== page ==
I recently read a book called ‘Finding the right hills to die on’ by Gavin Ortlund. It inspired me to write this blog, but by the time I had started and written two pages I was stuck. It had taken me two pages to explain my terms, it was long, probably not very interesting to read, and worst of all…Ortlund did it so much better!

So, with that in mind this is my suggestion: read his book! However, I think that this topic is of such importance I would like to spend a short time nailing down how this works in practice for us as a church.

As a church, we should be secure in the foundations set by the apostles on the truths of Christ. Paul says in 1 Corinthians 15:3 “For I delivered to you as of first importance what I also received: that Christ died for our sins in accordance with the Scriptures…”. On the other hand, Philippians 3 tells us “Let those of us who are mature think this way, and if in anything you think otherwise, God will reveal that also to you.  Only let us hold true to what we have attained.” Furthermore, we’re told “As for the one who is weak in faith, welcome him, but not to quarrel over opinions.” (Romans 14:1). Where are these lines drawn? Which hills are right to die on? I am not saying that Ortlund understands everything or lands in the same camps that we all will. But the principles that he outlines are very useful. It has also led me to grapple with questions in my own walk. We often use the phrase ‘eat the meat, spit out the bones’, when it comes to hearing teaching or even singing songs that come from questionable sources. I have been reflecting of late a flaw in our use of this phrase. It is this same argument, taken to more extreme lengths, that more liberal pastors and teachers use to promote new age beliefs, subverting them to ‘Christian use’ and flouting the phrase “All truth it God’s truth”.[3] When does the mouthful become too full of bone and gristle that we would rather just spit it out, so that we are not ourselves spat out on the day of judgement as John warns us will happen to the church in Laodicea.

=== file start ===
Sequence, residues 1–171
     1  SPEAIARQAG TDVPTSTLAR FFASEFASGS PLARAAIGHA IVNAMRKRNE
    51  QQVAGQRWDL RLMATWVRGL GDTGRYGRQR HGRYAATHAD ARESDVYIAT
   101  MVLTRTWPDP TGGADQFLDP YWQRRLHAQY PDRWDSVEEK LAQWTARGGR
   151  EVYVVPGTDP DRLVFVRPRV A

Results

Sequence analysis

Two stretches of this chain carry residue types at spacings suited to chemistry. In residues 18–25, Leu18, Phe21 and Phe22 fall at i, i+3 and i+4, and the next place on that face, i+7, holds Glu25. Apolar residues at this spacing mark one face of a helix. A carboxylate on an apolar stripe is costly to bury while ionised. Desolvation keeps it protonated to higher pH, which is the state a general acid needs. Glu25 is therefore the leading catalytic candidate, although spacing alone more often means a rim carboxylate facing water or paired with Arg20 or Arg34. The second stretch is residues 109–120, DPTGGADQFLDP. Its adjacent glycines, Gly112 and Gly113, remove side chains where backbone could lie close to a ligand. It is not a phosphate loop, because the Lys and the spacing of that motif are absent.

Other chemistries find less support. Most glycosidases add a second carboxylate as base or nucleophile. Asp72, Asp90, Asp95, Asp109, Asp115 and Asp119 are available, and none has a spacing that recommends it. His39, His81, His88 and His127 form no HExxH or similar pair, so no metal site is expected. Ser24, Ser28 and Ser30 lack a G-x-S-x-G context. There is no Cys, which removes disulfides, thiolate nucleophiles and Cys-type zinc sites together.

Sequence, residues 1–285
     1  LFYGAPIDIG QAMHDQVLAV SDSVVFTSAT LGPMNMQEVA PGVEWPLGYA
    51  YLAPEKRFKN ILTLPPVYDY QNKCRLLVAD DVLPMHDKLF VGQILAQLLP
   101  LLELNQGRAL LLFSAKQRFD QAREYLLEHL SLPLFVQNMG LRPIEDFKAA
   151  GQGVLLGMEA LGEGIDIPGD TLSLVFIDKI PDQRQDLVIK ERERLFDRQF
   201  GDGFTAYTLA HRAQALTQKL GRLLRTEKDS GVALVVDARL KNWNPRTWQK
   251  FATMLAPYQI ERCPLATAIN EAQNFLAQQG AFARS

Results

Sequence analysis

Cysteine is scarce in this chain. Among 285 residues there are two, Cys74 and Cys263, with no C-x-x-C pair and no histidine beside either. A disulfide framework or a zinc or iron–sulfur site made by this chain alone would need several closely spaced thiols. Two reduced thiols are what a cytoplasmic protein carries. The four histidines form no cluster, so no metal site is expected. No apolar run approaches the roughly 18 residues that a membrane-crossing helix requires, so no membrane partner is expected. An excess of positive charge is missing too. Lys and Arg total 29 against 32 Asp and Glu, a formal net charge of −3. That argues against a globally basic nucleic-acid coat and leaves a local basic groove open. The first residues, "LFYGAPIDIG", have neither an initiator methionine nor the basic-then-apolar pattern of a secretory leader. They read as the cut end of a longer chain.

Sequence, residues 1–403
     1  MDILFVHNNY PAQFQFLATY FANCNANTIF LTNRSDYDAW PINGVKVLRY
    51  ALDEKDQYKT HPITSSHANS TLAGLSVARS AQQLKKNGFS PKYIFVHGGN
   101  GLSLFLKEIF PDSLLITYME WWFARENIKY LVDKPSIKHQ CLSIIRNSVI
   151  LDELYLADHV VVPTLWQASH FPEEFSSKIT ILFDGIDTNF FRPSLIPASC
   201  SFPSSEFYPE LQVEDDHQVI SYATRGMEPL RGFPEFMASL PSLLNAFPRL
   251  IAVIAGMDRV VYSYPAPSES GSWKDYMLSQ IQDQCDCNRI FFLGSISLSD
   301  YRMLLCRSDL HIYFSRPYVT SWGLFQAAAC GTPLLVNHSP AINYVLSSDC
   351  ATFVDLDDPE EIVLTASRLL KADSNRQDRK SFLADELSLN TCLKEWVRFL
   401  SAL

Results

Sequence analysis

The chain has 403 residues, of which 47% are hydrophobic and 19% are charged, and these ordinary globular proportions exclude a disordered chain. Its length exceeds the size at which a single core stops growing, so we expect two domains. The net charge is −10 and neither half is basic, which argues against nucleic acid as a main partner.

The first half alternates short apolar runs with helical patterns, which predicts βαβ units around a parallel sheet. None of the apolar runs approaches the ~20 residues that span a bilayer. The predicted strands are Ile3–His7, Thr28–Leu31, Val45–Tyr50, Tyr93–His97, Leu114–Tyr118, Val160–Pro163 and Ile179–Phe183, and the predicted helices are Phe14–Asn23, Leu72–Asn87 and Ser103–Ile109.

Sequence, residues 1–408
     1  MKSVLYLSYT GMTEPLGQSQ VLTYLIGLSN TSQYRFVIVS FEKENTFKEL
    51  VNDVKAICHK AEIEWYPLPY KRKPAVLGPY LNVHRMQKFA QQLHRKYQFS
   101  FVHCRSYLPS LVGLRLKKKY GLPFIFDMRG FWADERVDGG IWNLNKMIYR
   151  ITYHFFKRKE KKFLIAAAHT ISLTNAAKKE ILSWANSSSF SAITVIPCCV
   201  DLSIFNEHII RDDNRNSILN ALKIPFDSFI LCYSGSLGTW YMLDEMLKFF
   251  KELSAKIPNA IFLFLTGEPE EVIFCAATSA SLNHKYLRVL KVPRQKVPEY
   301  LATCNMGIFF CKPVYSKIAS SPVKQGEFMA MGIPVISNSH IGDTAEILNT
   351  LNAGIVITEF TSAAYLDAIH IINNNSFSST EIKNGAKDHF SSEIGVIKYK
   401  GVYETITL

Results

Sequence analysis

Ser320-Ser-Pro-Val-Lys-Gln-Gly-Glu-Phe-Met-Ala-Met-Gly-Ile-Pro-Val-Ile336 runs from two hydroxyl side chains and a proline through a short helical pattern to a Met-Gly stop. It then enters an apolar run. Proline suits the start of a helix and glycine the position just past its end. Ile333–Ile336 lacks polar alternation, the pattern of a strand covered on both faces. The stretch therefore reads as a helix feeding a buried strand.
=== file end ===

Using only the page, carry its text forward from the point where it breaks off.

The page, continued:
“I know your works: you are neither cold nor hot. Would that you were either cold or hot!  So, because you are lukewarm, and neither hot nor cold, I will spit you out of my mouth.”

Revelation 3:15

It is an interesting notion and one that is far too complex to get into within this article.

Ortlund’s triage covers four areas rather than three, which I think is a stronger method personally. One of the weaknesses, I have often thought, with theological triage as a concept is that in the ‘blood, ink, pencil’ some of the inks seem a lot darker and redder than others! By expanding them to the four stages of: